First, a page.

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Frequently Asked

Frequently Asked Questions

What is a clinical trial?

  • A clinical trial is conducted to find better ways to prevent, diagnose and treat diseases.

  • Trials of new potential treatments may show which medical approaches are better for different illnesses or groups of people.

  • A clinical trial is designed to find which treatments are most effective.

  • A clinical trial is one of the final stages in the long and careful research and development process to find better healthcare solutions.

Are clinical trials safe?

  • There are very strict guidelines and safeguards to protect participants in clinical trials.

  • Whilst in a clinical trial, participants are seen regularly by the research team to monitor their health, and to determine the safety and effectiveness of their treatment.

  • Governing bodies and independent review boards oversee all studies and ensure risks are as low as possible.

Who pays for clinical trials?

  • Trials may be sponsored by pharmaceutical companies, biotech agencies, medical research institutions, foundations or trust organisations

What is a protocol?

  • A protocol is a study plan carefully designed to safeguard the health of the participants and answer specific research questions.

  • The protocol describes the purpose of the trial, how it will be performed, the types of people who can participate, the schedule of tests, procedures, medications, and length of the study.

What is informed consent?

  • Informed consent is the process by which an individual voluntarily confirms their willingness to participate in a particular trial.

  • You will be given a copy of the informed consent document, which contains information regarding all aspects of the trial.

  • The informed consent form states why the research is being done, what will happen during the study, the time involved, the risks and benefits, your rights as a participant and how your privacy will be protected.

  • An informed consent form must be signed before any study procedures can be undertaken.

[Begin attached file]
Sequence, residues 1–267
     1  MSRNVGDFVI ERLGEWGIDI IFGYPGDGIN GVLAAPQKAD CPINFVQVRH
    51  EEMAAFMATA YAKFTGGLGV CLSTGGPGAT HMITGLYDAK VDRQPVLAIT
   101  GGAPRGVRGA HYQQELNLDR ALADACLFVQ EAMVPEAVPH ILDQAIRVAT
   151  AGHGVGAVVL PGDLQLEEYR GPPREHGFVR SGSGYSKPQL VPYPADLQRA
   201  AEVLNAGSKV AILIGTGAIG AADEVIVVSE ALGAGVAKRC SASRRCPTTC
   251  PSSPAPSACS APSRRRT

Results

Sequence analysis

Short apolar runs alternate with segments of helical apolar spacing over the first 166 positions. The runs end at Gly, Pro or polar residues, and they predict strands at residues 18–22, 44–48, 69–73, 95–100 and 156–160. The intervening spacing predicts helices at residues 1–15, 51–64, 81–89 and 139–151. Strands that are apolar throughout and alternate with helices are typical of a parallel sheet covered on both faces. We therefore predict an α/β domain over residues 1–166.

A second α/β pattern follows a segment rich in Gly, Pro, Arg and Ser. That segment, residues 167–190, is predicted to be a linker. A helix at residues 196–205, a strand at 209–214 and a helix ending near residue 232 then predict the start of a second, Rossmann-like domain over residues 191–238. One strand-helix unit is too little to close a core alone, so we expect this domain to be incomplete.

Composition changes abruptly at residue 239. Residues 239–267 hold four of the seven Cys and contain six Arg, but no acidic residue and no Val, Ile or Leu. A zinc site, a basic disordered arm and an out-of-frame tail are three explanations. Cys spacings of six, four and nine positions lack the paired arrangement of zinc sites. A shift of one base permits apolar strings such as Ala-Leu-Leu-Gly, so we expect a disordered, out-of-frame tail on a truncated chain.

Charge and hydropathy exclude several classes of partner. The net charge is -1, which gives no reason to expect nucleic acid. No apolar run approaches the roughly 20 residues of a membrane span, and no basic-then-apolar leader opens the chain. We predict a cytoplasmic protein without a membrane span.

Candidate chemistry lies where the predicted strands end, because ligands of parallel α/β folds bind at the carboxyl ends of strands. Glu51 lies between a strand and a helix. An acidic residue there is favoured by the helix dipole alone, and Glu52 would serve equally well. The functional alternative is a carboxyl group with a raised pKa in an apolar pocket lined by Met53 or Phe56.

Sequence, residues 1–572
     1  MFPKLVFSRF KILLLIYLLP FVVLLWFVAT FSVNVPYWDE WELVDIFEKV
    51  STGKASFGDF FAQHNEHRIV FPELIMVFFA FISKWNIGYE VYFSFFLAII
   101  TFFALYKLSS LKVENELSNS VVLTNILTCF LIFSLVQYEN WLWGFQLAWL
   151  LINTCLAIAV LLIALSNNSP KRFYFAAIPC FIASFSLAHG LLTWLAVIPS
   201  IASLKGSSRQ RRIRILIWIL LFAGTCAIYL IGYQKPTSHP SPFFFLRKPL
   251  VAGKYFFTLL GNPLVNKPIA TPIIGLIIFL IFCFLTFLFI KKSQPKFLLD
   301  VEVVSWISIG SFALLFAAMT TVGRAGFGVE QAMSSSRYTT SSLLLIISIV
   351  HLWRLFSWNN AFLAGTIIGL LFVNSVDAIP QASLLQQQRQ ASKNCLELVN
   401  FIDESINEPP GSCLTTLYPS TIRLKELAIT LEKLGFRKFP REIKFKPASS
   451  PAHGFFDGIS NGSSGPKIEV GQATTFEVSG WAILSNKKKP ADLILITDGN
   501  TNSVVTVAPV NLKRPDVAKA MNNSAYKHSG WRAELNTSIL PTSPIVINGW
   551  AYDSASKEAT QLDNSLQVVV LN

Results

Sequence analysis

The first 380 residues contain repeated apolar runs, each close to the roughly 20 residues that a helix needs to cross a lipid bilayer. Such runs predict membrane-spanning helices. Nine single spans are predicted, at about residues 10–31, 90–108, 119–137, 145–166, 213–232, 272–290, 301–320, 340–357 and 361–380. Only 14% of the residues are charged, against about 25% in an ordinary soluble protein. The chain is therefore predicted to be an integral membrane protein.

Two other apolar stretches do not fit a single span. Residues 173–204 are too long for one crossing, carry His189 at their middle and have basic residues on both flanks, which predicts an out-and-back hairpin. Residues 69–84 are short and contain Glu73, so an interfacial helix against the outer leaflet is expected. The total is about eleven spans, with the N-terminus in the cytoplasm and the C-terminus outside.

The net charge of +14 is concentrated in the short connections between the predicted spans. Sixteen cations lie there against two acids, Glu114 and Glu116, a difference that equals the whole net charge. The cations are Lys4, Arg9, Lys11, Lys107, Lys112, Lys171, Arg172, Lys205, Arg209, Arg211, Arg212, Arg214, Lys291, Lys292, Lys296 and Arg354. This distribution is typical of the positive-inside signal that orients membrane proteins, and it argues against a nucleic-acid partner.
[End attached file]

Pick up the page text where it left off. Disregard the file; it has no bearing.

Who can participate in a trial?

  • All clinical research studies have guidelines called eligibility criteria which determine who can participate.

  • These guidelines are based on factors such as age, medical history, current medical conditions and medications.

  • These criteria are used to identify suitable potential participants.

How much time is involved?

  • Trials vary in length and time requirements.

  • All this will be fully explained to you before you decide whether or not to participate.

What if I change my mind?

  • Involvement in clinical research trials is voluntary.

  • You are able to change your mind and withdraw at any time.

  • Withdrawal will not affect any future medical care.

How are my rights protected?

  • All trial participants are protected by the Health and Disability Act Code of Rights.

  • There are very strict international standards and regulations for all trials involving human participants.

  • All your medical records and information will remain completely confidential.

What is a placebo?

  • A placebo is an inactive substance that has no therapeutic effect.

  • In clinical trials experimental treatments are often compared with a placebo to assess the effectiveness of the treatment.

Will I learn the results?

  • The results will be made available to you when the trial has been completed.

Will I be paid?

  • This varies depending on the trial.

  • You will be reimbursed for your expenses while participating in the trial e.g. travel costs.

Where can I find out more about clinical trials?

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